O’Kane says his favorite print media for fine art and photography, aside from canvas, are Sunset Textured Fine Art and Sunset Hot Press Rag. “Our clients love those papers,” he says. “They’re consistent from batch to batch so I don’t have to worry about printing the same image six months down the road and having an issue with matching texture or anything else.”
For bin prints that people buy off the shelf from the artists and frame themselves, O’Kane uses LexJet’s Premium Archival Matte. “The fine art papers are generally reserved for limited editions, but if they’re selling prints that people can leaf through a bin to buy, Premium Archival Matte is a lot better paper for that since it’s less expensive. It also behaves a lot better than other matte papers I’ve used in that weight, and it’s archival.”
It’s all about options, and Cali Color makes sure its customers have plenty of them, whether it’s a large décor project or a laminated trade show graphic. It’s also about taking time to educate customers about those options, the thinking behind choosing materials and the printing process itself.
“We take time with our customers. The one thing digital has done it has made the photographer a darkroom technician. Some like it and some don’t. Some people have a handle on color, and some don’t. So, when we get a file from a customer, we take time to look at it. If we see deficiencies in that file – color, density, size, enough pixels to do the size they want – we’ll stop and talk to the customer to let them know our concerns,” says O’Kane. “I arrange a time with new customers to come in and we go through each individual file so we can show them if we make changes what the images will look like and how I feel it will be better. Back in the day when we were doing traditional processes, that’s what we did and made the best possible print we could by altering it – changing color density and burning and dodging.”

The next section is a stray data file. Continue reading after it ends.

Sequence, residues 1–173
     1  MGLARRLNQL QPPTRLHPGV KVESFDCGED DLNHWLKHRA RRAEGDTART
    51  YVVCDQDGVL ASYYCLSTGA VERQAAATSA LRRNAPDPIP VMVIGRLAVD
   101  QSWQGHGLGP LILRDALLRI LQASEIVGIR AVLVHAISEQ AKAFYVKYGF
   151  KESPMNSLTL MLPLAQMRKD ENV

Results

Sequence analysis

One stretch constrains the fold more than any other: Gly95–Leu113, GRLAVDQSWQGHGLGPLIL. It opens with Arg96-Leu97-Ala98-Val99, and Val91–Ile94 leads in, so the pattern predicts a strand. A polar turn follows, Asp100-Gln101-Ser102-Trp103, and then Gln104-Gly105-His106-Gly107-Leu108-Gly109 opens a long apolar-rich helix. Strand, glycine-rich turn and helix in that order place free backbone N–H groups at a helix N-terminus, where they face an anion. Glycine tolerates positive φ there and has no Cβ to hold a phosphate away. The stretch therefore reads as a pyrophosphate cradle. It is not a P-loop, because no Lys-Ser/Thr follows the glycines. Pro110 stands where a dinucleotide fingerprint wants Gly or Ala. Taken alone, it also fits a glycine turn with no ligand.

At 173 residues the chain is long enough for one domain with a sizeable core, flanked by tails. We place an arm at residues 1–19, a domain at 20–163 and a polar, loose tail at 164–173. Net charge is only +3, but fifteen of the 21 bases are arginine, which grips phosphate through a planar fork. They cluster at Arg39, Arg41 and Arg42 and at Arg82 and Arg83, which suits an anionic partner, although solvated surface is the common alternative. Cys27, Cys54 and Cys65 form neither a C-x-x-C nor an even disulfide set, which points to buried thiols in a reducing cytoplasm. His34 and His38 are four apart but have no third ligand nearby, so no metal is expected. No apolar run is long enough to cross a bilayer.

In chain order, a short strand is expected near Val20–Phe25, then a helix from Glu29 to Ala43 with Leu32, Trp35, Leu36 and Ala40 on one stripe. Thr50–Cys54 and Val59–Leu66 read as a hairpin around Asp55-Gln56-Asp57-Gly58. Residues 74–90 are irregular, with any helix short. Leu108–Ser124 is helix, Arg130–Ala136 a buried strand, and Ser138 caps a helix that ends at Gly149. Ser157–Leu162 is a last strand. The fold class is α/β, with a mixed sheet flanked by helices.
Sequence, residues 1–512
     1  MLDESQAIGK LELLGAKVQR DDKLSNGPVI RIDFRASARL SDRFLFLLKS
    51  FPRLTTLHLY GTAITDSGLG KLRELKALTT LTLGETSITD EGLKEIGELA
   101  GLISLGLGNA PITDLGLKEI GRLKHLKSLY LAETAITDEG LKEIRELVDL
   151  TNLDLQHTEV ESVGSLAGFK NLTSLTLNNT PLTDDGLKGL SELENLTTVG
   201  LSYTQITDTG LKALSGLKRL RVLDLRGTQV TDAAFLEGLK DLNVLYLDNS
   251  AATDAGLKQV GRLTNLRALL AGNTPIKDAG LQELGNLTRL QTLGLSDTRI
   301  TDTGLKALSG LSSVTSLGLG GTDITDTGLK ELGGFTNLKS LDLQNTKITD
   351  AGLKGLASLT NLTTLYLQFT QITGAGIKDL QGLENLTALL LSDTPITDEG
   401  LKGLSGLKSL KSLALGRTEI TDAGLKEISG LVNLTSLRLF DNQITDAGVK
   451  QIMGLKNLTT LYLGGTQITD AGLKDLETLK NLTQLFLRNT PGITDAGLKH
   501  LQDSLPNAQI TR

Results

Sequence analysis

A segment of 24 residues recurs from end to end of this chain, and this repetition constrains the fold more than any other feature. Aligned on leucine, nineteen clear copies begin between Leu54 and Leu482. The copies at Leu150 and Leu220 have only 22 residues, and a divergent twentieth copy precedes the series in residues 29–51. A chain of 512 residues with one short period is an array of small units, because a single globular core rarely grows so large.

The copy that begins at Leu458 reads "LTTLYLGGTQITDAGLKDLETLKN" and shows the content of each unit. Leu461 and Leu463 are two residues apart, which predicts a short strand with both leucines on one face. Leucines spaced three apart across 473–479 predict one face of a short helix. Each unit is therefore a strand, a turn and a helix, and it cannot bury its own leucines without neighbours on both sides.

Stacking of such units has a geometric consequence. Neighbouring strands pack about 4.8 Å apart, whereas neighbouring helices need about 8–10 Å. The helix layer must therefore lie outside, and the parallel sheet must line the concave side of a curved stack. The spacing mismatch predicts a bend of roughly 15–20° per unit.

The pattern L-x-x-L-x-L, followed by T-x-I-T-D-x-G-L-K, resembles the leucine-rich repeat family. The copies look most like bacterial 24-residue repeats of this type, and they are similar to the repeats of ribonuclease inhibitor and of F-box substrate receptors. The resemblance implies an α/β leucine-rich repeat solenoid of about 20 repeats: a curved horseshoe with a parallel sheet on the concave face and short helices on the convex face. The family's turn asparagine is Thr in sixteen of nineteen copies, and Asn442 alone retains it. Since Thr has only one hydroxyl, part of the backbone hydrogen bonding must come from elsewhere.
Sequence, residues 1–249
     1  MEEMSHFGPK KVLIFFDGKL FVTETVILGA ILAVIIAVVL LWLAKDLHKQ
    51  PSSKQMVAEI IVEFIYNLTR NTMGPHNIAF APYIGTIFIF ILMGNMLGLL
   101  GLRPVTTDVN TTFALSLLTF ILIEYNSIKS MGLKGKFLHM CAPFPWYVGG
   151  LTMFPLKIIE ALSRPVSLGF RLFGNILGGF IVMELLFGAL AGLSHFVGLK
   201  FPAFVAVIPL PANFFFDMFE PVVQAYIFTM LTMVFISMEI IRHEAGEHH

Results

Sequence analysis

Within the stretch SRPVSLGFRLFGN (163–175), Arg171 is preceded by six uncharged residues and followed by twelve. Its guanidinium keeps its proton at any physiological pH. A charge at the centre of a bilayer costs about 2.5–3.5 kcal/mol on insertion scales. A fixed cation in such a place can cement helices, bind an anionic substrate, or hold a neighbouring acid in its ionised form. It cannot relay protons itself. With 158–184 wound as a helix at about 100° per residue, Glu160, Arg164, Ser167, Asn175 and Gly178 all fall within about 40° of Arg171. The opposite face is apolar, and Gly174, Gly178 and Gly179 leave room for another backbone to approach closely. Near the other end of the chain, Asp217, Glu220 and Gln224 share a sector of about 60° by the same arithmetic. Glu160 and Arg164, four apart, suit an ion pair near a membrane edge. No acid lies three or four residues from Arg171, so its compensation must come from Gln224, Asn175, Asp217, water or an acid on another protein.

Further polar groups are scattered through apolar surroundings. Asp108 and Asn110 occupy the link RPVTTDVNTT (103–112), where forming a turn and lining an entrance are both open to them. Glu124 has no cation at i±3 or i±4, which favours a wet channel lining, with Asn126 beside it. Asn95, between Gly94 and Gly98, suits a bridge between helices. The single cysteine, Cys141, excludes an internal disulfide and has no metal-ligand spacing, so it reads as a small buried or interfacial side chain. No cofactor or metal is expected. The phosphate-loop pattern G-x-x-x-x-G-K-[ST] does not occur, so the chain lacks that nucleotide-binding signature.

In other words, Cali Color is an open book to its clients. O’Kane shares information on how they calibrate their equipment, offer tutorials on color management and file preparation and gives talks to art and photography groups.
“I don’t think there are any huge trade secrets, so the more information I can give my customer, the more predictable the results are every time I get a file from them. It makes a difference, and it really doesn’t take that long,” says O’Kane.